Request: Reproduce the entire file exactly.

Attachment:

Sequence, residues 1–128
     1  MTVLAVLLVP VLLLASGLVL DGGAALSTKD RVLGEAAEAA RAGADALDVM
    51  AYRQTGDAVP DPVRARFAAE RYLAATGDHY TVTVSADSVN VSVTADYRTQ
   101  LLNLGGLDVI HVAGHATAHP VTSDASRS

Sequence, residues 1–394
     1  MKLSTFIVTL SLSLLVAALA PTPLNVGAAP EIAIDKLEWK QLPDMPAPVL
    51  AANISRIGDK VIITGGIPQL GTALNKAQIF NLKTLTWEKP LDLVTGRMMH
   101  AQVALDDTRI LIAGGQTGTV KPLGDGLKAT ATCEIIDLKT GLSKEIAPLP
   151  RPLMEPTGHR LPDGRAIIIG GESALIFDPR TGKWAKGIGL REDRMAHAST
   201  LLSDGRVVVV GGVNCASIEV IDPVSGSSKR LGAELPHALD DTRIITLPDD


Sequence, residues 1–128
     1  MTVLAVLLVP VLLLASGLVL DGGAALSTKD RVLGEAAEAA RAGADALDVM
    51  AYRQTGDAVP DPVRARFAAE RYLAATGDHY TVTVSADSVN VSVTADYRTQ
   101  LLNLGGLDVI HVAGHATAHP VTSDASRS

Sequence, residues 1–394
     1  MKLSTFIVTL SLSLLVAALA PTPLNVGAAP EIAIDKLEWK QLPDMPAPVL
    51  AANISRIGDK VIITGGIPQL GTALNKAQIF NLKTLTWEKP LDLVTGRMMH
   101  AQVALDDTRI LIAGGQTGTV KPLGDGLKAT ATCEIIDLKT GLSKEIAPLP
   151  RPLMEPTGHR LPDGRAIIIG GESALIFDPR TGKWAKGIGL REDRMAHAST
   201  LLSDGRVVVV GGVNCASIEV IDPVSGSSKR LGAELPHALD DTRIITLPDD